School bus? Total stop.
Our good friend David Bailey has started a regular column in the Siloam Springs Herald Leader.
Who is Bailey? He’s an attorney who’s been in business for 15 years. He’s holding an open house at his Siloam Springs office on Thursday to commemorate his 15th anniversary, in fact, and is inviting the public to attend and take part in the lawyerly fun (we posted something about that yesterday).
What’s the column about? Bailey is fielding legal questions from the public and is answering them. Of course, there are some things to keep in mind — he won’t identify the people who have asked the questions and will only get as specific in his answers as ethical restrictions will allow.
Bailey is more than qualified to answer some legal questions within the aforementioned guidelines — he’s an adjunct law professor at the University of Arkansas and was a full time professor there for a couple of years. He’s the Siloam Springs City prosecutor and has a solid private practice. For those reasons — and more — we at First Arkansas News aren’t a bit hesitant about suggesting that our readers who have legal questions should visit Bailey’s site, click on the “Ask the Lawyer” button and seek out some answers.
Bailey’s column in the Herald Leader, by the way, is called “Ask the Law Prof.” Ethan C. Nobles, founder of First Arkansas News, suggested that he call the column “Ask that Lawyer,” but that fine title was declined. Regardless, we’re going to run Bailey’s column that appeared in the Herald Leader a few weeks ago and will reproduce others here from time to time.
So, without further ado:
For those who don’t know me, let me introduce myself. I began my practice of law in Siloam Springs in September, 1996. In May of 2002, I became the City Prosecutor for Siloam Springs. Also in 2002, I began teaching as an Adjunct Law Professor for the University of Arkansas School of Law. In August 2009, I had the opportunity to teach full-time at the law school as a Visiting Professor. This summer I am completing my term as a full-time law professor and returning to my law firm here in Siloam Springs. Beginning this fall, I will resume teaching law school part-time as an Adjunct Law Professor.
Over the past two years, I have had the opportunity to engage in some scholarly writing, mostly aimed at other attorneys or law students. Now that I’m returning to the real practice of law, I thought it would be good to write a column from time to time to educate the public on things in the law which might be of help or interest.
I decided that because school will be resuming very soon, my first column should address the issue of passing a stopped school (or church) bus. Arkansas Code Annotated §27-51-1004 tells us what to do when we approach a stopped school bus. It says that “when a school bus stops and displays its alternating red warning lights for the purpose of loading or unloading passengers, every operator of a motor vehicle or motorcycle meeting or overtaking the school bus from any direction shall bring the motor vehicle or motorcycle to a complete stop before reaching the school bus.” That means that we as motorists must stop completely when we see a bus stopped for the purpose of loading or unloading passengers. This applies regardless of whether we are approaching the bus from the front or the rear.
The statute also goes on to state that “the operator of the motor vehicle or motorcycle shall not start up or attempt to pass in any direction until the school bus vehicle has finished receiving or discharging its passengers and is in motion again.” This means that we cannot put our vehicles in motion until the flashing lights go out and the bus resumes its motion first.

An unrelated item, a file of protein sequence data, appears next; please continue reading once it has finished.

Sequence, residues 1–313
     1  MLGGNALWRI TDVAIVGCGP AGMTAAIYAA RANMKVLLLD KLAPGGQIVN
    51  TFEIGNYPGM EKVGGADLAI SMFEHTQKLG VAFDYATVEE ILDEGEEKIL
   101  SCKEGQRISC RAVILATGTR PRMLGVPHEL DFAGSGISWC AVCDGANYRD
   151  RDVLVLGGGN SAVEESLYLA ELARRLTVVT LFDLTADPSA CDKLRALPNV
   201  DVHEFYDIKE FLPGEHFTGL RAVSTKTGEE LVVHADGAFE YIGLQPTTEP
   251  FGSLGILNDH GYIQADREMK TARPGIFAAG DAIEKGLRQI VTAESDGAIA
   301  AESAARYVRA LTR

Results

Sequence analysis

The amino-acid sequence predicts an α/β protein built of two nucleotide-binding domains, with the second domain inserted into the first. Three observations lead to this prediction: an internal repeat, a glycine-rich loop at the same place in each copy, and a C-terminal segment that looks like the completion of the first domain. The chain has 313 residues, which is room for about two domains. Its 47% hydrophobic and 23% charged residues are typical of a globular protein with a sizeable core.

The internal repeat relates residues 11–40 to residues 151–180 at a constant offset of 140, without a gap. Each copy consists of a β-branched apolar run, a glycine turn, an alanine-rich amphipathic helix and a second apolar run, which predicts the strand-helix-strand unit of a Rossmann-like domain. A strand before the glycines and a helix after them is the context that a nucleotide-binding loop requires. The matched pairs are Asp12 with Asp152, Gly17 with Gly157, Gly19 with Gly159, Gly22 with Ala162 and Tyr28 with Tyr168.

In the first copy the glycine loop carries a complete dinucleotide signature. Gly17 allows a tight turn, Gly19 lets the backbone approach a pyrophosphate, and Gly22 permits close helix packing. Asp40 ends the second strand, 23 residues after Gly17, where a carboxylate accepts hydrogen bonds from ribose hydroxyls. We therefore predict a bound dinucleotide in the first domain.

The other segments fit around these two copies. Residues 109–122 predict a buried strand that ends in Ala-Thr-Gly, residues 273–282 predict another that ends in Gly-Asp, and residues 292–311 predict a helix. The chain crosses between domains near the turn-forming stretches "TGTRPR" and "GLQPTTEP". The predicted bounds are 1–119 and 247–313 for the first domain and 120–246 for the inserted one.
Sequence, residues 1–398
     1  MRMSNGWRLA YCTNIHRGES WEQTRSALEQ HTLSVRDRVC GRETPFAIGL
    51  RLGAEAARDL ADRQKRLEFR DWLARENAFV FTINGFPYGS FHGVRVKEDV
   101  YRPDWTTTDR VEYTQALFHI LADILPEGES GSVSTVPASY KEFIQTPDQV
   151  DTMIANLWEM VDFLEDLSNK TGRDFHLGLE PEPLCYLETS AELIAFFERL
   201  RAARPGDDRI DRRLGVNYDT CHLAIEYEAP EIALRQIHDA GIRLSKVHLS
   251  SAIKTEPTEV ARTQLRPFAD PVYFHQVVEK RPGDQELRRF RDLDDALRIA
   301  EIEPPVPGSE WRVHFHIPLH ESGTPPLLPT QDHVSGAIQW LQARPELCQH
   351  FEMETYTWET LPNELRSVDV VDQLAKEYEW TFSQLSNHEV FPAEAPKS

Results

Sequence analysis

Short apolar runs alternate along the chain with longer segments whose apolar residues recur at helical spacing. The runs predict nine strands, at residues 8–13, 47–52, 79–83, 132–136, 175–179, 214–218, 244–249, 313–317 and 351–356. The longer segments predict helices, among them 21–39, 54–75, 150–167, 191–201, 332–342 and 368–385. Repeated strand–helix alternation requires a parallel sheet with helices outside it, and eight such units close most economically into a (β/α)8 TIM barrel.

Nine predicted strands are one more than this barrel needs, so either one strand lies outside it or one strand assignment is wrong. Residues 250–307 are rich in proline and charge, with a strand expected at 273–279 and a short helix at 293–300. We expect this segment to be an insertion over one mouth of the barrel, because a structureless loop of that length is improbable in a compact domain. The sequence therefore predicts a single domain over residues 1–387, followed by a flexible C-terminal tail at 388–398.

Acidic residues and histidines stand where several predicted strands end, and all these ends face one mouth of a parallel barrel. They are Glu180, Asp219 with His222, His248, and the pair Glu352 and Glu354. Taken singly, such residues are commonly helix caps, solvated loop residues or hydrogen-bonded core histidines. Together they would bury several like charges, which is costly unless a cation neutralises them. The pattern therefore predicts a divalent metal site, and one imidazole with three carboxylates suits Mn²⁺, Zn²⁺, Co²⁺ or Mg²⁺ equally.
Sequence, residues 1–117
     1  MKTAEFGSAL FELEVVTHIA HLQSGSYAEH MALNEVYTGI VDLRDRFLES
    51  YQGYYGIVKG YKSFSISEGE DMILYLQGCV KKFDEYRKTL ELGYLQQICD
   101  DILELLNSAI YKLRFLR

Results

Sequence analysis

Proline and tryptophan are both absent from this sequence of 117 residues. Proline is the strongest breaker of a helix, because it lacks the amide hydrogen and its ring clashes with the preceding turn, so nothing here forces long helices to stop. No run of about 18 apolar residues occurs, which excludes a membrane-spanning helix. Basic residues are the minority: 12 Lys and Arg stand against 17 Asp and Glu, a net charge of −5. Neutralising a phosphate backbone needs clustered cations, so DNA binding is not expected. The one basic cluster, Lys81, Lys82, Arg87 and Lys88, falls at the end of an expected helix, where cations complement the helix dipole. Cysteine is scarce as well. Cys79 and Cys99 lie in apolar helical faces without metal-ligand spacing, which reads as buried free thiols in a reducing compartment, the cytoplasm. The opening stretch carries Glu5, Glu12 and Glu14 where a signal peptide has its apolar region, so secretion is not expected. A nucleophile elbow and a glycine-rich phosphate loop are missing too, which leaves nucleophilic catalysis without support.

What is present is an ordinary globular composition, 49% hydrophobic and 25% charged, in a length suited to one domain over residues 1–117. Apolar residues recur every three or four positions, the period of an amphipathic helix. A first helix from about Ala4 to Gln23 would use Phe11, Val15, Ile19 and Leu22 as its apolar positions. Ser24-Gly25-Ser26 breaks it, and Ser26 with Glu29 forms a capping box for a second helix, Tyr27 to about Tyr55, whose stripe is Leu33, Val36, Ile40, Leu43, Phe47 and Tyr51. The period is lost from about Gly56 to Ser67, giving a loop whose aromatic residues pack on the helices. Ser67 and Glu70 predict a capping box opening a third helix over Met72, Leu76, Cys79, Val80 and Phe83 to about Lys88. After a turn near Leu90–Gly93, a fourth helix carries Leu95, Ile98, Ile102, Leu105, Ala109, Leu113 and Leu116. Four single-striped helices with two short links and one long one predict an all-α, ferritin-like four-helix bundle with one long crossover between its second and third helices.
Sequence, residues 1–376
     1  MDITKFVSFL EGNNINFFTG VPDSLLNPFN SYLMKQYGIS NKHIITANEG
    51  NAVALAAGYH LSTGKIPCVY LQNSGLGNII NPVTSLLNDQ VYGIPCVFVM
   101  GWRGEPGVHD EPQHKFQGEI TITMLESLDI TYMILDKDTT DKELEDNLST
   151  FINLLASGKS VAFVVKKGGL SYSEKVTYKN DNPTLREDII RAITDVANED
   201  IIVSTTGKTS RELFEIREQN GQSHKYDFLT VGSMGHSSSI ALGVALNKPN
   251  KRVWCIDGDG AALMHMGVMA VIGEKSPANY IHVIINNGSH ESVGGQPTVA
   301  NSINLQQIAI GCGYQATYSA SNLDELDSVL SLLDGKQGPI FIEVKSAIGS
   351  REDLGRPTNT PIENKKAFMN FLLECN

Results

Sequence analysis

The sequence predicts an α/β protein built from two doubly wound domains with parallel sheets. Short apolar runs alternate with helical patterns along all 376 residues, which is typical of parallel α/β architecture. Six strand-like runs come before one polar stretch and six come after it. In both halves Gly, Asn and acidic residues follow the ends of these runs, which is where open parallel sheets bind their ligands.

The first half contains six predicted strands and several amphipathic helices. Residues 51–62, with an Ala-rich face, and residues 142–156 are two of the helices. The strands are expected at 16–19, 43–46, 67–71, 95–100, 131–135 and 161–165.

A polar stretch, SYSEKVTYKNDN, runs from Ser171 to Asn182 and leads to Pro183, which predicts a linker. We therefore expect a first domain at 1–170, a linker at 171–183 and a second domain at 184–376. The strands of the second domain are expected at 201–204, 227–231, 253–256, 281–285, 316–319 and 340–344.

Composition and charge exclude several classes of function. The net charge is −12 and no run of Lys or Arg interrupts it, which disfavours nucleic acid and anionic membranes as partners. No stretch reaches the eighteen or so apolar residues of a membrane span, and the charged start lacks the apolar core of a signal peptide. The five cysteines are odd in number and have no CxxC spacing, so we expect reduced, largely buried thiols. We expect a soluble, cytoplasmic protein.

As the City Prosecutor, I see far too many violations of this law. I know that most, if not all, violators of this law don’t intend to violate it. It’s almost always caused by inattentiveness or other distractions. I myself have almost violated it. However, the law is clear that a person can be guilty of this crime without having any malicious intent. It is what the law refers to as a “strict liability crime” meaning that if you do the act involved, you’re guilty regardless of your intent.
There is one exception to the requirement to stop when you see a stopped school bus. Arkansas Code Annotated §27-51-1005 states that if the bus is stopped on a “multiple lane highway” which is defined as having at least 4 lanes and at least 2 lanes in each direction, and the highway is divided by a parkway or dividing strip at least 20 feet in width, and if the bus is stopped on the other side of the dividing strip, then the driver of the approaching vehicle does not have to stop but must “proceed with due caution for the safety of children.”
The penalty for a violation of this law is pretty serious. Arkansas Code Annotated §27-51-1001 provides for a fine of at least $250 up to $1000 and/or up to 90 days in the county jail. The statute goes on to say that the court can also order up to 400 hours of community service and shall suspended your driver’s license for at least 21 days up to one year.
Owners of motor vehicles should also use caution when letting others drive their cars. The statute says that there is a rebuttable presumption that the registered owner of the vehicle which passed the stopped school bus was the driver at the time the violation occurred.
We must also follow the same rules regarding stopped school buses when we encounter a stopped church bus (Ark. Code Ann. §27-51-1104). I am writing this in hopes that we will all pay more attention and be on the lookout for school and church buses so we can protect our children.
If you have a legal question that you’d like to see me write about in this column, I invite you to submit it to me via my website www.baileylawfirmpa.com. Click on the “Ask the lawyer” tab and fill out the form.
Benton resident. Rogue journalist. Recovering attorney. Email = Ethan@FirstArkansasNews.net.